All In Or Nothing: FedEx CEO Gambled The Companys’ Last $5,000 To Save Its Existence

Look, I’ve done a lot of crazy shit in my life; jumped off buildings, driven at 200 mph and even experienced some high stakes in my days, but never have I (or would I) ever gamble my future multi-billion dollar companys’ last $5,000 – unless I was Fred Smith, FedEx’s CEO.

I don’t know about you, but personally, if my entity needed some urgent financial backing, especially if it was running on its last  $5,000, I would hit the bank or contact the family for some help – but considering Smiths’ luck on the blackjack table, that’s the first place he headed to and just “let it ride.”

Thankfully, Smiths’ 6th sense for cards really saved his ass as he managed to pull in the right amount of cash to keep his baby alive. Today FedEx pulls in an amazing $26,5 billion  – annually!

Don’t believe a word Im saying? Read the founding executive, Robert Frocks exact words, as he tells the rather funny and risky story about how they made it out of that “sticky” situation:

I asked Fred where the funds had come from, and he responded, ‘The meeting with the General Dynamics board was a bust and I knew we needed money for Monday, so I took a plane to Las Vegas and won $27,000.’

I said, ‘You mean you took our last $5,000– how could you do that?’ He shrugged his shoulders and said, ‘What difference does it make?

Without the funds for the fuel companies, we couldn’t have flown anyway.’ Fred’s luck held again. It was not much, but it came at a critical time and kept us in business for another week.

It’s almost surreal, yet an important reality check that snaps you out of the imaginary world you live in and allows you to embrace that fact that, shit does happen. If one card was swapped out, hitting him up with a, I don’t know, five of diamonds or whatever, FedEx would’ve been an ugly sounding name by now and not the flashy multibillion company it is today.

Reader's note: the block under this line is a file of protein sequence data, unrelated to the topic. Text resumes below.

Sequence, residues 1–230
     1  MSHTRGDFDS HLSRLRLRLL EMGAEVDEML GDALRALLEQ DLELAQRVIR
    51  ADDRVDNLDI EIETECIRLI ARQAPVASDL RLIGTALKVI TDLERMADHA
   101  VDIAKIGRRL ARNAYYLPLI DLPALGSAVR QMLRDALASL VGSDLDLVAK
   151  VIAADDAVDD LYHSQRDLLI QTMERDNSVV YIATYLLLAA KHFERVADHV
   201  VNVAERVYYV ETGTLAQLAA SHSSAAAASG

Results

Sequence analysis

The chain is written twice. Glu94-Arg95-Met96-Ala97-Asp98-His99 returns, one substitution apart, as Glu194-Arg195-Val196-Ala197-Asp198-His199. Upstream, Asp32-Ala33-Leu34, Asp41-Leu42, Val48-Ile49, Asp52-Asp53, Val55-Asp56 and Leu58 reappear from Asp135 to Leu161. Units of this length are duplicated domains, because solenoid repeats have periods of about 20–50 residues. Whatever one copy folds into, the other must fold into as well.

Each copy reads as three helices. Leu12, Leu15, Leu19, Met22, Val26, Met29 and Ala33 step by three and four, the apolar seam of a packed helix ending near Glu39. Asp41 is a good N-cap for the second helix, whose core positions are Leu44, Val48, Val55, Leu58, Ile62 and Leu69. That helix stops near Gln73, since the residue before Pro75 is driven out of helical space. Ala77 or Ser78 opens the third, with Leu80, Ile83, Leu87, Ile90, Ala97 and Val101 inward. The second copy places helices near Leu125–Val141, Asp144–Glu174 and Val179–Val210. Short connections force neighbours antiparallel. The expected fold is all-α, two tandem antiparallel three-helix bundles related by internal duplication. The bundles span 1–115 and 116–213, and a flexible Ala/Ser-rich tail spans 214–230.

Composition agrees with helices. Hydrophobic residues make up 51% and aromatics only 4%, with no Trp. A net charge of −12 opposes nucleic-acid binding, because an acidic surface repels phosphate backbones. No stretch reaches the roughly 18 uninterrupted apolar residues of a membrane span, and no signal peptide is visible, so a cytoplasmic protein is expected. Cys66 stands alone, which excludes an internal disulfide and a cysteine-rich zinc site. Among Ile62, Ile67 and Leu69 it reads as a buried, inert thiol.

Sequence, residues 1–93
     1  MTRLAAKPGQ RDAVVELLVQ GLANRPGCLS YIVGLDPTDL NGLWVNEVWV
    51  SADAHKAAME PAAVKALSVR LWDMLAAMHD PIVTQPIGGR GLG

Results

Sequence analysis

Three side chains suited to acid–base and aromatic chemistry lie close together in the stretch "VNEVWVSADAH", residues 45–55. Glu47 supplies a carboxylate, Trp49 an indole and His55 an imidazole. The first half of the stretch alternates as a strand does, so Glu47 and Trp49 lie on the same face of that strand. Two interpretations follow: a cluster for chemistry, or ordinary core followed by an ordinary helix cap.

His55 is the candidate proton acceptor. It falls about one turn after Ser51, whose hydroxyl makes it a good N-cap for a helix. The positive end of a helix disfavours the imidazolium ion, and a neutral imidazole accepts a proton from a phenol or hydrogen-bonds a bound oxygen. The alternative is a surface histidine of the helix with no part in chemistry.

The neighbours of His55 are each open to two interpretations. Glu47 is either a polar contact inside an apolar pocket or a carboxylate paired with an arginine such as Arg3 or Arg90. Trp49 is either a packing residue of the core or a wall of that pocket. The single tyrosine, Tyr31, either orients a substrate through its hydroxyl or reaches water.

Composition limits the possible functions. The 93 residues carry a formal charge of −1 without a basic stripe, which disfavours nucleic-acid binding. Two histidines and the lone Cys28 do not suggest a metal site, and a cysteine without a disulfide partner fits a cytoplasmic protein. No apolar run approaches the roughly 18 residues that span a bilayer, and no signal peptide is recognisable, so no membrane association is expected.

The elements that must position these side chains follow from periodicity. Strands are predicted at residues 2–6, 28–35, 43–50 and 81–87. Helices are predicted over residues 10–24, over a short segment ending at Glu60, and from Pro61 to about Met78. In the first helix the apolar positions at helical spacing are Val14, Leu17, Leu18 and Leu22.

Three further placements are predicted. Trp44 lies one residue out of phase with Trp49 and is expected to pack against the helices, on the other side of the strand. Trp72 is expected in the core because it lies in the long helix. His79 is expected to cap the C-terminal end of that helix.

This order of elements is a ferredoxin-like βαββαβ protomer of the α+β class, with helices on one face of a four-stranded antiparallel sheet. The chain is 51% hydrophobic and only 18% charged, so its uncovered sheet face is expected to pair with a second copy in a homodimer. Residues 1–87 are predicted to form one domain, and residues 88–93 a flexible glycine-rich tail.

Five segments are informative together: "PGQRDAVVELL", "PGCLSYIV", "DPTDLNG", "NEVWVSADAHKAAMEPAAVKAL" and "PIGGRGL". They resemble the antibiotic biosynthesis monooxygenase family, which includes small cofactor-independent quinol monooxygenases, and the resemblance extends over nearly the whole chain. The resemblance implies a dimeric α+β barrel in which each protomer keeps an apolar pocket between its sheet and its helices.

Now obviously I’m not telling you to “invest” your start-up funding on the black-jack table or any other table for that matter, I’m justing saying that this shows how an entrepreneurial venture is never as simple or one-dimensional as it seems to be at first. It gets ugly, you’ll hit a bunch of walls, stumble over a bunch of obstacles, but at the end of the day, it’s all about the ability of persevering – keeping on going. But sometimes, when worst does come to worst, drastic measures are needed for drastic times.

God bless Smith for being so unbelivalbly lucky, not blowing his 5k in the first round – but honestly, we’re not all that blessed. I remember loosing  $900 on one hand…don’t even know how it went that far. Anyways, when taking risks, make sure it’s a calculated risk, a risk worth taking before you decide to “beat the odds.”

You see, risk is a big part of life and I strongly believe it reflects on an individuals’ character. Everything from relationships and  investment aspects to picking the right smartphone and choosing the right apartment – it’s all about risk, or rather, opportunity cost.

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